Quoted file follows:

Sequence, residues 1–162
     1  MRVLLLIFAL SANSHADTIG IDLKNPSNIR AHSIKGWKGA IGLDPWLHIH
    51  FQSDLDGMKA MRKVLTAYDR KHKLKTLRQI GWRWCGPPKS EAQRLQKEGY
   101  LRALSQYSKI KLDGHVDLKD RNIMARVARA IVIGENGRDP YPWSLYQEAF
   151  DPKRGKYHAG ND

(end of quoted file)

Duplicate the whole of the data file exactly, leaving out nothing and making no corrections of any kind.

Sequence, residues 1–162
     1  MRVLLLIFAL SANSHADTIG IDLKNPSNIR AHSIKGWKGA IGLDPWLHIH
    51  FQSDLDGMKA MRKVLTAYDR KHKLKTLRQI GWRWCGPPKS EAQRLQKEGY
   101  LRALSQYSKI KLDGHVDLKD RNIMARVARA IVIGENGRDP YPWSLYQEAF
   151  DPKRGKYHAG ND